• ½ teaspoon finely chopped rosemary or sage
  • 2 teaspoon vegetable oil, such as canola
  • 1 tablespoon unsalted butter
  • Kosher salt, to taste
  • 2 tablespoons Parmigiano-Reggiano cheese, grated
  •  
    For The Eggs

  • 2 tablespoons unsalted butter
  • 6 leaves fresh sage
  • 2 eggs
  • Kosher salt, to taste
  • Freshly ground black pepper, to taste
  •  

    Preparation

    1. SAUTÉ pancetta or bacon over medium/low heat with extra virgin olive oil in a nonstick pan. When crispy, remove to a paper towel to drain. Add onions and chopped rosemary and sauté over medium heat until tender and starting to brown; about 7-9 minutes. Remove to a bowl and wipe pan clean.

    2. HEAT 2 tablespoons vegetable oil in the nonstick pan over high heat until almost smoking. Add the gnocchi and sauté, constantly tossing to prevent burning, until they are golden brown. Turn off heat.

    3. RETURN onions and pancetta to the pan. Add 2 tablespoons unsalted butter and toss until butter is melted. Empty contents of pan into a bowl. Add Parmigiano-Reggiano and toss.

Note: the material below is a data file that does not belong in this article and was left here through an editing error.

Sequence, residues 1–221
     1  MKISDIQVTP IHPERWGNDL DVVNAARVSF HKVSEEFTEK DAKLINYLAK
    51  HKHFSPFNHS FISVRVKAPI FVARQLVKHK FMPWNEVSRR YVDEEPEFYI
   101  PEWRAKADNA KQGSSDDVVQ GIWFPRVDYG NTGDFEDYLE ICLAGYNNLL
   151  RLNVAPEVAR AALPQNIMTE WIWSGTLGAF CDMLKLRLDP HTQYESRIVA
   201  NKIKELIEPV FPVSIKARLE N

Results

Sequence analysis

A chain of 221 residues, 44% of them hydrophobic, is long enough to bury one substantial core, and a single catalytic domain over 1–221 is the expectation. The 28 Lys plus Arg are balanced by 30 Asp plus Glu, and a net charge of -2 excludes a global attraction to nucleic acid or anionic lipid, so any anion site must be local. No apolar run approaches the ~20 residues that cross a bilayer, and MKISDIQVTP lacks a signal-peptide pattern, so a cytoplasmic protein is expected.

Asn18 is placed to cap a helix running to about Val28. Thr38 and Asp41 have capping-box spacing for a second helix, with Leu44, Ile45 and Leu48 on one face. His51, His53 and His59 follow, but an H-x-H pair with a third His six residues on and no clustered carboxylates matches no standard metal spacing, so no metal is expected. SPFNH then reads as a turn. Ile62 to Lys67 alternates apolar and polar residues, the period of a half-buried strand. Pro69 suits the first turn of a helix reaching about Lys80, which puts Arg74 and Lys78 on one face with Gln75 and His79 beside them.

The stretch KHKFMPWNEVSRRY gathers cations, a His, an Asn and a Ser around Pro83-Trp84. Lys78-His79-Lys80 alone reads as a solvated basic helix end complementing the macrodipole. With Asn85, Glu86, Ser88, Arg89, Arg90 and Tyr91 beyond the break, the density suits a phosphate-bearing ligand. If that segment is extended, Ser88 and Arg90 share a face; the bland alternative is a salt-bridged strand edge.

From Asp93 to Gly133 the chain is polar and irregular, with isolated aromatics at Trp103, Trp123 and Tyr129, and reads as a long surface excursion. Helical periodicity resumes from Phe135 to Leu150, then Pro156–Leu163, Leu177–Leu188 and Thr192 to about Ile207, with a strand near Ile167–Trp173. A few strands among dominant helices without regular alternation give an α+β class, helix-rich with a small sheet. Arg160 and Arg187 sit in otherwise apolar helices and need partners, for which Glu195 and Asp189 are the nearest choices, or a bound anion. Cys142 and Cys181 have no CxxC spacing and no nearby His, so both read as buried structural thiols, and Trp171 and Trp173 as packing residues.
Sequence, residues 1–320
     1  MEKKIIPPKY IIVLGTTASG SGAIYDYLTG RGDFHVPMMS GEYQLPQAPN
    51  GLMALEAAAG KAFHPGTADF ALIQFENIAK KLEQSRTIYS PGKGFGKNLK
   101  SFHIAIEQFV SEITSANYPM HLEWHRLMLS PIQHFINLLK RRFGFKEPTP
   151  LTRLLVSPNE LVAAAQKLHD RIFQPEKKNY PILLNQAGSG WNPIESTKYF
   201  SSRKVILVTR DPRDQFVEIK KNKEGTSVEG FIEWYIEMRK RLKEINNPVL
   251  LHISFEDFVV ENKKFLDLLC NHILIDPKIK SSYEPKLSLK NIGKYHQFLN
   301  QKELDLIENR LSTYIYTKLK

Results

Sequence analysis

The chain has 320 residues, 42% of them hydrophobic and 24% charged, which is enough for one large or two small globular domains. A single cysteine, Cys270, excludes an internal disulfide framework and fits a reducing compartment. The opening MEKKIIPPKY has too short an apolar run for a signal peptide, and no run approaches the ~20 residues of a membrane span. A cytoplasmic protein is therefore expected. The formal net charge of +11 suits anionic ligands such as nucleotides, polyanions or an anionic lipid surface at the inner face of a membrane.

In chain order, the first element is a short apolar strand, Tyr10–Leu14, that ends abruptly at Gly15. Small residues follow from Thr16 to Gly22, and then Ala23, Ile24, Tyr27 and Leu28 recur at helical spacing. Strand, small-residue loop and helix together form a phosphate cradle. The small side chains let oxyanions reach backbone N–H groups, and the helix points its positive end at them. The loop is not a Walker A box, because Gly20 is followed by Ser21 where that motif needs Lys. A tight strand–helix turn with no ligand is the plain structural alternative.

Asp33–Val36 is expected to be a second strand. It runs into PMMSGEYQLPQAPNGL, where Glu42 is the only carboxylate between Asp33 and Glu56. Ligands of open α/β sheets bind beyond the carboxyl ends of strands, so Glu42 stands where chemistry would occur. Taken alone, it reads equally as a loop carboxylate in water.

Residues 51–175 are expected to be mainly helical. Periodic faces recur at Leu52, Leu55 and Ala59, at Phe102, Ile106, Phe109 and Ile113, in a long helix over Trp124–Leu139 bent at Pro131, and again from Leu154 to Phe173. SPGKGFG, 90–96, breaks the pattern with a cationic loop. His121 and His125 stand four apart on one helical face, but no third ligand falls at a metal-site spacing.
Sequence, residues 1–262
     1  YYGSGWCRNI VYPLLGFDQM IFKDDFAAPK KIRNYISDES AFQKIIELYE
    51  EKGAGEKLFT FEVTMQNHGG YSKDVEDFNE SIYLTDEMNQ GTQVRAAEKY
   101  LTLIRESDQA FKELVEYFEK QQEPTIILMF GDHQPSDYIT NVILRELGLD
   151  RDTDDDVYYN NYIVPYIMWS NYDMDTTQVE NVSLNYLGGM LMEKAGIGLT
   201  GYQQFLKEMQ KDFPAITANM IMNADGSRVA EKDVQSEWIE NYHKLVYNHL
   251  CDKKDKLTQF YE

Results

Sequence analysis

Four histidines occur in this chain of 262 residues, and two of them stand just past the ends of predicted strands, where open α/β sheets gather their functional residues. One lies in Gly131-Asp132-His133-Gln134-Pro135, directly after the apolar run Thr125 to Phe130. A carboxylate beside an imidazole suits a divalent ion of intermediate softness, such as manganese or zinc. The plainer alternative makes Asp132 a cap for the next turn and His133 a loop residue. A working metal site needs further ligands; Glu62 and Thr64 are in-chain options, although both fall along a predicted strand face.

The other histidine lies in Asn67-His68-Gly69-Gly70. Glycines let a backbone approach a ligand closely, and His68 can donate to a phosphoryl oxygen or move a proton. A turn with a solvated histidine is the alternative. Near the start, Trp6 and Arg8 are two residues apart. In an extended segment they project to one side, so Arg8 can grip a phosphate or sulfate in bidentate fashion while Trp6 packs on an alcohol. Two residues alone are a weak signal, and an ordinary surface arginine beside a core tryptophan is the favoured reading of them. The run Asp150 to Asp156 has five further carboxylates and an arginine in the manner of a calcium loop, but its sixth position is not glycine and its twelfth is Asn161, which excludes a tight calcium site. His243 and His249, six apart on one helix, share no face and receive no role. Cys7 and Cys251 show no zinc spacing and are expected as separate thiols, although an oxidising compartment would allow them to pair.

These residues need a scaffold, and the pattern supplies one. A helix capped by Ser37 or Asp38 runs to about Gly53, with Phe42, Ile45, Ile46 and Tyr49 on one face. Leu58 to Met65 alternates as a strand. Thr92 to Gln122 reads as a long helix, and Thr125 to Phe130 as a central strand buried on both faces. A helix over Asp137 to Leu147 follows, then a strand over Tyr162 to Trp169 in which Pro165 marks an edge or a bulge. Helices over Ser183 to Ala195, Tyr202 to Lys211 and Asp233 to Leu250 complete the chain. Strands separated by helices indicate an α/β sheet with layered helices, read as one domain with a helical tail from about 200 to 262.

4. MELT 2 tablespoons unsalted butter in a small nonstick pan over medium heat. Add fresh sage leaves and swirl pan until the butter begins to brown. Turn heat off and allow the pan to cool slightly; about 1 minute. Add the eggs and season with kosher salt and freshly ground black pepper. Fry the eggs on medium/low heat to desired doneness, spooning some of the brown butter over top of them a few times; about 2-1/2 minutes for sunny side up.

     

    sauce-pasta-bag-230

    Giovanni Rana’s potato gnocchi are just one of the company’s delicious fresh pastas and sauces. Photo by Elvira Kalviste | THE NIBBLE.

     

    5. PLATE the home fries and top with fried eggs.

      

    Comments

    RECIPE: Poached Egg With Lentils & Arugula

    lentils-poached-egg-theculinarychronicles-230

    A delicious trio of tastes: poached eggs,
    lentils and arugula. Photo courtesy
    CulinaryChronicles.com.